2:10 pm to 2:20 pm            BREAK

 

2:20 pm to 3:40 pm            THE AFRICAN AMERICAN CONCERT DANCE CULTURE
                                              OF THE MID-TWENTIETH CENTURY IN PHILADELPHIA

This panel will discuss Marion Cuyjet, Sydney King and their students, such as Judith Jamison and Joan Myers Brown, and the ways in which both King's and Cuyjet's influence/instruction informed the aesthetic/cultural milieu of the era (1940s-1970s). Panelists include Brenda Dixon-Gottschild, Joan Myers Brown and Merilyn Jackson.

 

3:40 pm to 4:00 pm            BREAK and BOOK SIGNING

 

4:00 pm to 5:30 pm       HATCHING THE NEXT GENERATION: MATERIAL FOR A FEATURE STORY

In the past 15 years, a number of Pennsylvania Ballet dancers have emerged as choreographers, seeding the Philadelphia and Trenton area with interesting contemporary work. Matthew Neenan (artistic director of BalletX and widely produced freelance choreographer), Christine Cox (executive director of BalletX), Amanda Miller (artistic director of Miller Rothlein), Meredith Rainey (professor, Drexel University and former director of Carbon Dance Theater), and Heidi Cruz Austin (lecturer, Muhlenberg College and co-director, DanceSpora), talk about how PB shaped them as artists, and how Philadelphia feeds their habits. Elizabeth Zimmer moderates.

 

 

 

For more information contact:

DCA Conference Coordinator

Bill Doyle

bill@go2guyphilly.com

 

 

Kamikaze Dance Writing Workshop

The Kamikaze Dance Writing Workshop is "boot camp" for a maximum of eight writers, a chance to produce overnight reviews under the pressured conditions faced by dance reviewers in a professional environment. Participants meet for an introductory session in which they will do observation and writing exercises. Then they attend a performance and file a 300-word review by 10 a.m. the following day. At the second session, held over a brown-bag lunch, participants will bring nine copies of their work, read their reviews aloud, give each other feedback, and then observe as Elizabeth Zimmer edits their reviews as she would for the dance section of a professional journal. All participants must write; there will be no "auditors."



2014 DCA Conference

- The Fine Print -

 

Registration:

 

Registration rates are:

Members -

$125 full conference pre-registration until June 1 ($90 for seniors and students); $150 full conference registration after June 1 or on-site ($100 for seniors and students); $100 single day pre-registration until June 1 ($85 for seniors and students); $115 single day registration after June 1 or on-site ($95 for seniors and students).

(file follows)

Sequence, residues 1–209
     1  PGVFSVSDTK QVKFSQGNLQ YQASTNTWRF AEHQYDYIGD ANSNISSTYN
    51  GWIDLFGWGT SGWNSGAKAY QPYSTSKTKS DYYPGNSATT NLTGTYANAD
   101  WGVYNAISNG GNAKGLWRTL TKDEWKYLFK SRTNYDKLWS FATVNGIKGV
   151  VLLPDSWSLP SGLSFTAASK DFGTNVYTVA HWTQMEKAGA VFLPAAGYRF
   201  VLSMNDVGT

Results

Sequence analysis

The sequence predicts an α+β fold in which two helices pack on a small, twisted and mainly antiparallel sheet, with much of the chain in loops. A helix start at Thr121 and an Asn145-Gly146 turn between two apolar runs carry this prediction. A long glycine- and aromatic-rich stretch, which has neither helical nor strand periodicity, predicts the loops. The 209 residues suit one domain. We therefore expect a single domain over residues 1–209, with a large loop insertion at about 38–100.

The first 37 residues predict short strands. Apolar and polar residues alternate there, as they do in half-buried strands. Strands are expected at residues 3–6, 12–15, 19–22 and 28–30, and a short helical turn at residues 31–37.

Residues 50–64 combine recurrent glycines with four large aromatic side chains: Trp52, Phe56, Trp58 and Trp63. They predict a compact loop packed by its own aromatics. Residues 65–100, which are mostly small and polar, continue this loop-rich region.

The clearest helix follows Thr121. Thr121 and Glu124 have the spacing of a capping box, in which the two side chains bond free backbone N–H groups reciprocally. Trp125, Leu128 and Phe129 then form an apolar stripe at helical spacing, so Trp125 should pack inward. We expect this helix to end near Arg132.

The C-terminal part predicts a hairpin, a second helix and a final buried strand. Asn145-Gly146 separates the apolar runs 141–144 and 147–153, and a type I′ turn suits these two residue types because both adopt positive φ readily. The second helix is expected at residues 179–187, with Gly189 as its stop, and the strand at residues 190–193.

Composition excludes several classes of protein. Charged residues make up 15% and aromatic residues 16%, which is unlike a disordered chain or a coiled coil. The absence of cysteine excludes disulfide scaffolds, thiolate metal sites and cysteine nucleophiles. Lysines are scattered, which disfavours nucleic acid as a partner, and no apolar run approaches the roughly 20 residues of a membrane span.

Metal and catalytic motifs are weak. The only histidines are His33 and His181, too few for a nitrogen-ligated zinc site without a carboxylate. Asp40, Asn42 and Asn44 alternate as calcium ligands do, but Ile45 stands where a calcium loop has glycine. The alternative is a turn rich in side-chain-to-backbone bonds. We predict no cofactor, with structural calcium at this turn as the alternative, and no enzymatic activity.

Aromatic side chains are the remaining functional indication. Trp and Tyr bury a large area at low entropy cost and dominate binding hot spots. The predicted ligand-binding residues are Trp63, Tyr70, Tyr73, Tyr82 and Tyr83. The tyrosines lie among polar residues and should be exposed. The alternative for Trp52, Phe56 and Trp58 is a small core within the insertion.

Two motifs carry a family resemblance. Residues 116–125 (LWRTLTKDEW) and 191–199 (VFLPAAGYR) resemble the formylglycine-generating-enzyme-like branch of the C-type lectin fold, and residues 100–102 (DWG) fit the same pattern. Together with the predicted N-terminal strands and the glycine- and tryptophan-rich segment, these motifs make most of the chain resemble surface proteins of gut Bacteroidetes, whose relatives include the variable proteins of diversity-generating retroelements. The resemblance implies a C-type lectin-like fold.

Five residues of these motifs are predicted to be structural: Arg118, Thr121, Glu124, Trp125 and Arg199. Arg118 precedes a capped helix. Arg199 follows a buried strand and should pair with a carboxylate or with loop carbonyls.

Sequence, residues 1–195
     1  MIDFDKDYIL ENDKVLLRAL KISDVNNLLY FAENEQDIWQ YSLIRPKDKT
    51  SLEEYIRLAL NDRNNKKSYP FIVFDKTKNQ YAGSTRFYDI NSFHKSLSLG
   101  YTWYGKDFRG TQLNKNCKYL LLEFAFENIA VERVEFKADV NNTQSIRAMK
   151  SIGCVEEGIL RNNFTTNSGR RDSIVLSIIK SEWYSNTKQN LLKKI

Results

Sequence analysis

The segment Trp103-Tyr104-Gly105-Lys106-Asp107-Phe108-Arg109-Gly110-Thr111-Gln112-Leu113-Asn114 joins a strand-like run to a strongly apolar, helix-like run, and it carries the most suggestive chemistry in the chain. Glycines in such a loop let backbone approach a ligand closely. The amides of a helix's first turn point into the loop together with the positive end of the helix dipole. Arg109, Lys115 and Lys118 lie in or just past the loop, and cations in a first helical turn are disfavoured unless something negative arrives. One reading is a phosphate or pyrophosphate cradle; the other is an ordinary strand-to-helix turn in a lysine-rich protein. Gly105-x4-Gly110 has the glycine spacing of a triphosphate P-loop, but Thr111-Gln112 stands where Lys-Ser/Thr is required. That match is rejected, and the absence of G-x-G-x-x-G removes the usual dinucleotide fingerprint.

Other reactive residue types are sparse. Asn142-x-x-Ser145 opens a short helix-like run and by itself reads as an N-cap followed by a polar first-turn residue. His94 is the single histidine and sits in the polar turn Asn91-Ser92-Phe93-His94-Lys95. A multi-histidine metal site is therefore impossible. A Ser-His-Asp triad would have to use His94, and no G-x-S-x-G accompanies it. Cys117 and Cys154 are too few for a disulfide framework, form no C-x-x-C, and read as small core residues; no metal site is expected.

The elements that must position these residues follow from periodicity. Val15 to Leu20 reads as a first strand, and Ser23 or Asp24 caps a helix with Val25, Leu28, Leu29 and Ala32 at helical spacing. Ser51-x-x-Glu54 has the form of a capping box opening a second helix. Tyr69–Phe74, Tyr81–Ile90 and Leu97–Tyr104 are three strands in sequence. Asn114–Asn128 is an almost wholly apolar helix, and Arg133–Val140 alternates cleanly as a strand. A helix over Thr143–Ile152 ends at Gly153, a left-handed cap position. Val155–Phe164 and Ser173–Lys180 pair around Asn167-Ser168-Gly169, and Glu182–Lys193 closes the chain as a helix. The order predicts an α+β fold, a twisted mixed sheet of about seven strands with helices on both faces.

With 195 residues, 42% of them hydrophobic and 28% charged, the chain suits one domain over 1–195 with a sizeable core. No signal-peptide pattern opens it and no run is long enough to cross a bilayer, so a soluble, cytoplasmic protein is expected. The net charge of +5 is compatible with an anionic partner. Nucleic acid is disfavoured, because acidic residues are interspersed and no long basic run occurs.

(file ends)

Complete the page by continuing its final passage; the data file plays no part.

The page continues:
(If you are a DCA member and would like to work at the conference in exchange for free registration, please contact DCA Conference Coordinator Bill Doyle: bill@go2guyphilly.com. There are a limited number of these "work-study" positions available.)

 

Members of affiliate organizations (DanceNYC, DHC, ADG, DFA, SDHS, CORD, WDA) –

$150 full conference pre-registration until June 1; $170 full conference registration after June 1 or on-site; $110 single day pre-registration until June 1; $130 single day registration after June 1 or on-site.

 

Non-members –

$175 full conference pre-registration until June 1; $195 full conference registration after June 1 or on-site; $105 single day pre-registration until June 1; $125 single day registration after June 1 or on-site.

 

Registration may be completed by mail with the attached form and paid by check or money order, or by going online at:http://www.dancecritics.org/conferencepayment.html

 

 

 

Conference location:

The Gershman Y
401 South Broad Street
Philadelphia, Pennsylvania 19147

 

Conference Hotel:

PROCEDURE TO BOOK GROUP HOTEL SPACE AT SPECIAL LOW RATES.

There are three primary Hotels for the DCA Meeting: Marriott Downtown, Marriott Courtyard and The Doubletree. The Marriott Downtown is $159.00 plus taxes per night and The Courtyard and Doubletree are $149.00 per night plus taxes etc. All three hotels are very central and near to meeting location, dining, shopping and all important tourist sites.

-For MARRIOTT DOWNTOWN
Located at 1201 Market Street in the center of Center City, adjacent to The Reading Terminal Market, famous for its Amish Farmers Market. Walking distance to Independence Hall and The Liberty Bell.
Book your discounted DCA Rate online at
'https://resweb.passkey.com/go/go2guy
OR you can Call the group discount hotline at 1-877-212-5752